When you read Masefield’s poem “Cargoes,” note the specificity of nouns. Ask yourself how those nouns affect your reading of the poem. How do they affect the mood of each stanza? How does the imagery affect you sensorily?



John Mase field

Quinquireme of Nineveh from distant Ophir
Rowing home to haven in sunny Palestine,
With a cargo of ivory,
And apes and peacocks,
Sandalwood, cedarwood, and sweet white wine.


Stately Spanish galleon coming from the Isthmus,
Dipping through the Tropics by the palm-green shores,
With a cargo of diamonds,
Emeralds, amethysts,
Topazes, and cinnamon, and gold moidores.



Dirty British coaster with a salt-caked smokestack
Butting through the Channel in the mad March days,
With a cargo of Tyne coal,
Road-rails, pig-lead,
Firewood, iron-ware, and cheap tin trays.

A book I think everyone should own is The Way to Write by John Fairfax and John Moat. It is a slender volume on language. They say this about nouns:

“The word noun comes, one way or another, from the Latin word nomen which means (here we go again) a name. ‘The name of a person, place or thing …’ Knowing what we do about names and the power they command we can surmise that nouns are important. They are, in fact, the most important, and for one good reason. Of all the parts of speech, only nouns are independent. All the rest, directly or by implication, depend on the existence of nouns for their own existence. Nouns depend on nothing.
TIGER. Bang. It stands all on its own.
But, ‘RAN’ or ‘PUNY’ or ‘INTO’ or ‘MOREOVER’ or ‘STEAD­ILY’ — they just don’t figure. Not on their own.”

Notice in your reading of poetry, when you like a poem, whether the writer uses strong nouns and verbs; if you don’t like a poem, ask yourself what is missing…

Next Thursday, a little on verbs and a final thought on adjectives and adverbs; tomorrow is the prompt roundup for the week; and Tuesday, more dialogue poems.

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Posted by on 03/03/2011 in exercises, poetry, writing


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Tuesday Tryouts: Your Metaphor

9:05, Tuesday – Atlanta

I was going to start a new series of exercises with dialogue poems, but wrote a metaphor poem last week, in response to a We Write Poems prompt, that I enjoyed so much and feel is too good an exercise not to share.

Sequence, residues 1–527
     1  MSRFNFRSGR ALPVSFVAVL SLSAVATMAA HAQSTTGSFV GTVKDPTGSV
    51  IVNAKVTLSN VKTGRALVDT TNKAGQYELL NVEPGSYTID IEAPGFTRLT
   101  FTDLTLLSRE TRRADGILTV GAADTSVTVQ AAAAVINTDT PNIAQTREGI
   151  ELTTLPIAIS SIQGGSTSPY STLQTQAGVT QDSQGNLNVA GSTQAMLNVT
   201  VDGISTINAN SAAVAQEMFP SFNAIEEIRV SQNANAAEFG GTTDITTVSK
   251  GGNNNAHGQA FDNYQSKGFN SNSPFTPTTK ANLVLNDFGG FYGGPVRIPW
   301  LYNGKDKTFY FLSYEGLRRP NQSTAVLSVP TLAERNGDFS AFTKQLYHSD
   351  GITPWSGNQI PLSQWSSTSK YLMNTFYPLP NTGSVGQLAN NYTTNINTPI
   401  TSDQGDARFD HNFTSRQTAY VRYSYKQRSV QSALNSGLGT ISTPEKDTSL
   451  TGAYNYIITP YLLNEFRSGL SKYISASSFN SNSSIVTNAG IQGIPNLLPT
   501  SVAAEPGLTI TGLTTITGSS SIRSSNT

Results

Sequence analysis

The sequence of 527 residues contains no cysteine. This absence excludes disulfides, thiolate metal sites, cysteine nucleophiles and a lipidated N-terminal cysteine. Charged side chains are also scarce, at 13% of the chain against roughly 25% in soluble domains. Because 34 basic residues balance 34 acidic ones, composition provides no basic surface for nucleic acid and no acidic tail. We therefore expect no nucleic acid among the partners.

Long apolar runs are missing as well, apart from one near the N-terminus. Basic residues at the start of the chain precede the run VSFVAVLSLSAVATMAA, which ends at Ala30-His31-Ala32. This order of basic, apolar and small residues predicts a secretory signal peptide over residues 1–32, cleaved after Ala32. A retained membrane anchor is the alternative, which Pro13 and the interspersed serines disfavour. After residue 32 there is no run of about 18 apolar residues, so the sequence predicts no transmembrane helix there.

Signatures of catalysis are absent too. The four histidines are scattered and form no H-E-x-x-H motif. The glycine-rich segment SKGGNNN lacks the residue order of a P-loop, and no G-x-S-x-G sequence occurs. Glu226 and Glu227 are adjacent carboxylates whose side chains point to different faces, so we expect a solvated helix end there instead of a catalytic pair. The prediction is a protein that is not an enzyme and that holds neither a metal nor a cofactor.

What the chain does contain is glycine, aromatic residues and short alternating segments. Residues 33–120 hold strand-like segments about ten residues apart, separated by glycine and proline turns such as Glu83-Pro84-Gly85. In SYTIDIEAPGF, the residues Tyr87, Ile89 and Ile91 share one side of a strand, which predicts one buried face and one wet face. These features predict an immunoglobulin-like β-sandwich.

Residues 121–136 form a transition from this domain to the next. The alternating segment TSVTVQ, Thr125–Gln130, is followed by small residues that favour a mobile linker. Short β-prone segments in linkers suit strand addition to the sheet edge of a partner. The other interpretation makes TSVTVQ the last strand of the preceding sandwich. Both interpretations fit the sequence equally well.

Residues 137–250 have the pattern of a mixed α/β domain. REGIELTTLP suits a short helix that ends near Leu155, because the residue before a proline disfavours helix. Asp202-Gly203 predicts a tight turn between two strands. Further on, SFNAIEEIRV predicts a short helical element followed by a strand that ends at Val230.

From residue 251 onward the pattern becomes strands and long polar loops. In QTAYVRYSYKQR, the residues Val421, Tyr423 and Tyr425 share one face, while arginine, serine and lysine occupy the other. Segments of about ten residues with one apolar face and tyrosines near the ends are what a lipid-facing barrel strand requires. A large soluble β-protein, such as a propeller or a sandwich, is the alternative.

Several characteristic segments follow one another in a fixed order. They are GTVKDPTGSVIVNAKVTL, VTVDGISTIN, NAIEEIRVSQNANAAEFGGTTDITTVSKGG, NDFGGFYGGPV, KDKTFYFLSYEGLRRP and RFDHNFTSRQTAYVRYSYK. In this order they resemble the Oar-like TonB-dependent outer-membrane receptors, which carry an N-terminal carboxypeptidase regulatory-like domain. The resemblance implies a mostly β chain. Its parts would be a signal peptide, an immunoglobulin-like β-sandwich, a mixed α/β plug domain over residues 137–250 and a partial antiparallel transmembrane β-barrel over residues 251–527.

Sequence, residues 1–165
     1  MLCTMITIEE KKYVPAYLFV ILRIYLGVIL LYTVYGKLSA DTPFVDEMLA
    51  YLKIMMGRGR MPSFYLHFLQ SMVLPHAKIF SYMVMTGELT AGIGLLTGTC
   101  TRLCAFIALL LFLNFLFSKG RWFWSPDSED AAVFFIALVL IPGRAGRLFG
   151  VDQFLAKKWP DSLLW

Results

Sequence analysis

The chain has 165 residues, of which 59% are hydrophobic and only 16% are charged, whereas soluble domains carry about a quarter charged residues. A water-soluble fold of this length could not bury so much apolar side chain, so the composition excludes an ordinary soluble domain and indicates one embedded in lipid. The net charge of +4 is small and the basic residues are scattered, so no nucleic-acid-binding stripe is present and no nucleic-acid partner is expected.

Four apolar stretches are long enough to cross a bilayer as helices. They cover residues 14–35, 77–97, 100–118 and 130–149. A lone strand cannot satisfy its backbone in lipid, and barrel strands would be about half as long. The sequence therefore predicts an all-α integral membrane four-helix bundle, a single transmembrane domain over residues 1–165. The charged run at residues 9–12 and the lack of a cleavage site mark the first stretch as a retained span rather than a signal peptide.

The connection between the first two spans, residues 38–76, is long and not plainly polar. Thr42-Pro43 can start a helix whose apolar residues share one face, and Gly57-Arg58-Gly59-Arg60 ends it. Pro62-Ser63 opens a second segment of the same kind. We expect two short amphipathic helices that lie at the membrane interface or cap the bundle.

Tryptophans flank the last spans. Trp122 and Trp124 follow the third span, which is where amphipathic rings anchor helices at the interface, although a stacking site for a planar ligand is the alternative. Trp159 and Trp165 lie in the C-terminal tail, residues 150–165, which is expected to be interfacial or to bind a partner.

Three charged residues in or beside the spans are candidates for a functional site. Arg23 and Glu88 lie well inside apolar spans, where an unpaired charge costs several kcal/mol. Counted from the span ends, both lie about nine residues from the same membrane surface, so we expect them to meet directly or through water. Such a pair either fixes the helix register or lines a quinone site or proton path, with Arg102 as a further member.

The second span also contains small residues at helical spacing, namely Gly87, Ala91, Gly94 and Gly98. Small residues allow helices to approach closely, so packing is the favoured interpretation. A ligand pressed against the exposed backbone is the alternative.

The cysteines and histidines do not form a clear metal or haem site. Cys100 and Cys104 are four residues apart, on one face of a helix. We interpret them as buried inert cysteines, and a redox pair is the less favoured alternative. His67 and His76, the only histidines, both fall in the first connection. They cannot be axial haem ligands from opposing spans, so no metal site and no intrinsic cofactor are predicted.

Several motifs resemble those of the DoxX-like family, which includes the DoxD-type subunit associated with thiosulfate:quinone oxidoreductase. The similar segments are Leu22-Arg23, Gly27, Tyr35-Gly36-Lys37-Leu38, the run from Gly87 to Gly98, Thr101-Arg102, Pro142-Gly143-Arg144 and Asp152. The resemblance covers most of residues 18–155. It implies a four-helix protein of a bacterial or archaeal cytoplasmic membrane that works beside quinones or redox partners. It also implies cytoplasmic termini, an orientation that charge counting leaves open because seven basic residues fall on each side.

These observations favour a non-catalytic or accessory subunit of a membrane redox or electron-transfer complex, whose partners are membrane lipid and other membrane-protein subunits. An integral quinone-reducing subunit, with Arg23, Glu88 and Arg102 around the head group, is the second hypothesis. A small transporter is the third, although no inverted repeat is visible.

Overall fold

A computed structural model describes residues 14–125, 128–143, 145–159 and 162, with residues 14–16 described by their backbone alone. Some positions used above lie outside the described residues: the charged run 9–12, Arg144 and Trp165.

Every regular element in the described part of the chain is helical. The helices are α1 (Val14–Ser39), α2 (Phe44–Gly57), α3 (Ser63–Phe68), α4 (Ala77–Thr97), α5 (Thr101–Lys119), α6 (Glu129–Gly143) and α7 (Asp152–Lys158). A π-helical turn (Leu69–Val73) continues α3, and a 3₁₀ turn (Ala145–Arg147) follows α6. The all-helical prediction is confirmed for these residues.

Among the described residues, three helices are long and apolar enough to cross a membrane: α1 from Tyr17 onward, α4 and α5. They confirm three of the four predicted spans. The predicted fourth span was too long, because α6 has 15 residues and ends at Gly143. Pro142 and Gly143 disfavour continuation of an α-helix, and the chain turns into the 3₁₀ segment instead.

By: doraelia ruiz


The first thing you need to do is visit the original poem on which I based mine, N. Scott Momaday’s “The Delight Song of Tsoai-talee“. I will post mine below, so you don’t have to leave the page a second time.

Jot a list of qualities you associate with yourself. Next to each quality write things you associate with that quality.

from microsoft


Patience: turtle, stone, the colour grey, glaciers…they are your associations so don’t worry if others might think them odd. You will only have the metaphors, in the end.

Pick the ones you like and write a line beginning with I am + the thing you are + a place, or action, or time. That will be much clearer on reading the two examples. You want specific images, sensory associations where possible.

Once I had about fifteen lines, I rearranged them in an order that made sense to me, and read well. I eliminated a couple of lines that didn’t ring true, or didn’t fit. Finally I figured out how to end my poem, because following Momaday for his ending would have been difficult.


from microsoftMy Delight Song

I am the words I write
I am a dragon swimming the ocean’s depths
I am a stone waiting to be picked up
I am a stand of evergreen bamboo
I am a grain of dust carried on the wind
I am the smoke of incense spiraling skyward
I am a cloud through which the sun shines
I am the border between night and day
I am the red berries of the winter ash
I am the grey heron hunched against the cold
I am the cry of a train in the night
I am a photograph fading out of focus
I am a scrap of paper left as a bookmark
I am a fingerprint on the minds of students
I am all these things and
I am the words I write.

After “The Delight Song of Tsoai-Talee,” by N. Scott Momaday

Enjoy and do post a link in comments, so I can enjoy too. Thursday will be Revision: Verbs and Nouns and I know you won’t want to miss that! Friday is our roundup of sites. Next Tuesday will be Dialogue Poems.


Posted by on 22/02/2011 in exercises, poetry, writing


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Tuesday Tryouts: More Than a Comparison

8:20 am, Tuesday, 8 February, 2011 – Atlanta

Today, I would like you to do two final metaphors and, for the purpose of Thursday’s discussion of parts of speech, turn one of these pieces into a poem [unless you wrote right into one].


Describe a building as seen by a man whose son has just died in a war.
Do not mention the son, war, death, or the old man doing the seeing.

Freewrite in prose (or poetry if you have been inspired in that direction).

In order to accomplish the prompt, what did you have to do? Articulate it to yourself.

Creating a metaphor
simile: indirect comparison? metaphor: direct comparison?
NO! A metaphor provides the identification of two unlike things.
where a simile compares two things which are similar in nature.

Metaphor: from the Greek metafora: to transfer to. When using a metaphor, you are transferring the properties of one thing to another:  “Juliet is the sun”. Not Juliet is like the sun, hot, bright, yellow…but Juliet IS the sun, the centre of Romeo’s universe, the giver of life and nurture.


Describe a lake, or other natural scene, as seen by a teenager who has just killed someone.
Do not mention the person killed, death, or the teenager doing the seeing.

Freewrite in prose (or poetry if you have been inspired in that direction).

No pretty images for the post, to not interfere with your own images. I shall see you Thursday, poem in hand, ready to begin a revision process.


Posted by on 08/02/2011 in exercises, poetry, writing